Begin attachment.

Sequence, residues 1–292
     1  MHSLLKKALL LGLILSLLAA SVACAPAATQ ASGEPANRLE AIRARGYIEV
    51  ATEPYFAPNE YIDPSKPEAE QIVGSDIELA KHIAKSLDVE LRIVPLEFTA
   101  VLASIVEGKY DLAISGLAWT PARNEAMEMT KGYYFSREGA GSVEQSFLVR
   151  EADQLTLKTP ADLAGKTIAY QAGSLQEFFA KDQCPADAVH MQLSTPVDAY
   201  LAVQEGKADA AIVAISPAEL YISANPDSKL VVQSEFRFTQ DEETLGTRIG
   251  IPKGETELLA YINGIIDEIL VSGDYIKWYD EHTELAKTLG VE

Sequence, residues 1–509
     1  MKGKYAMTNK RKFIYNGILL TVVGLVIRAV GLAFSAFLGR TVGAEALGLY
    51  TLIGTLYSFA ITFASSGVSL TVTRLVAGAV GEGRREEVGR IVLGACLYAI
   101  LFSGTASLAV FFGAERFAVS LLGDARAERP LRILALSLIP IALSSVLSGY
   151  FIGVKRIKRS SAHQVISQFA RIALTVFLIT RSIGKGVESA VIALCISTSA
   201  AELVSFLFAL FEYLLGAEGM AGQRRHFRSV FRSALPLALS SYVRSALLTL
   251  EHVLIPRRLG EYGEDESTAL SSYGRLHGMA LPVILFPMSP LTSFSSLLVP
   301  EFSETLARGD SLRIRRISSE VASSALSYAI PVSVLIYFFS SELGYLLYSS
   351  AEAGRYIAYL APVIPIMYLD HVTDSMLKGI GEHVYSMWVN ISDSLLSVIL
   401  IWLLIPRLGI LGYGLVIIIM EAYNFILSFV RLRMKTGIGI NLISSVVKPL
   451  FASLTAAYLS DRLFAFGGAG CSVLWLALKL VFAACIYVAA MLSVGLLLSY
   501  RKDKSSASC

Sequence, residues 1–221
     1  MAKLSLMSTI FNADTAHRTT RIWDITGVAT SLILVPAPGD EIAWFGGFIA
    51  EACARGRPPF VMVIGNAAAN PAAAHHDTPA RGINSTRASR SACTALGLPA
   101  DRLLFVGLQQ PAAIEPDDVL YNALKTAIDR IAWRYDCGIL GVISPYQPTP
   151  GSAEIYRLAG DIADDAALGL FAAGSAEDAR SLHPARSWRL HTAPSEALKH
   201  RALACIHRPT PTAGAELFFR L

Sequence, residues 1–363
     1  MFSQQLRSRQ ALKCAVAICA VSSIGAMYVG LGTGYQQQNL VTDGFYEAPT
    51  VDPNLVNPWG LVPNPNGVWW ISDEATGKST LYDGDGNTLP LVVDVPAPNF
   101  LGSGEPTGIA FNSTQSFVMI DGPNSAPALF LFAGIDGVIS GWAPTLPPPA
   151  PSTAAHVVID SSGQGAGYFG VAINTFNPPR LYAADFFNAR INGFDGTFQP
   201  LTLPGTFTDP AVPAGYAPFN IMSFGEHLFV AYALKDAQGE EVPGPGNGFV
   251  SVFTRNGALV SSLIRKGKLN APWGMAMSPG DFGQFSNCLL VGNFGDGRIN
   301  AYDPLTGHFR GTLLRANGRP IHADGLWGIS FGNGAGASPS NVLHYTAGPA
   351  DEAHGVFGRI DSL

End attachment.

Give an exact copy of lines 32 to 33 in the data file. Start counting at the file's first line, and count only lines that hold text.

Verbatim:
   251  SVFTRNGALV SSLIRKGKLN APWGMAMSPG DFGQFSNCLL VGNFGDGRIN
   301  AYDPLTGHFR GTLLRANGRP IHADGLWGIS FGNGAGASPS NVLHYTAGPA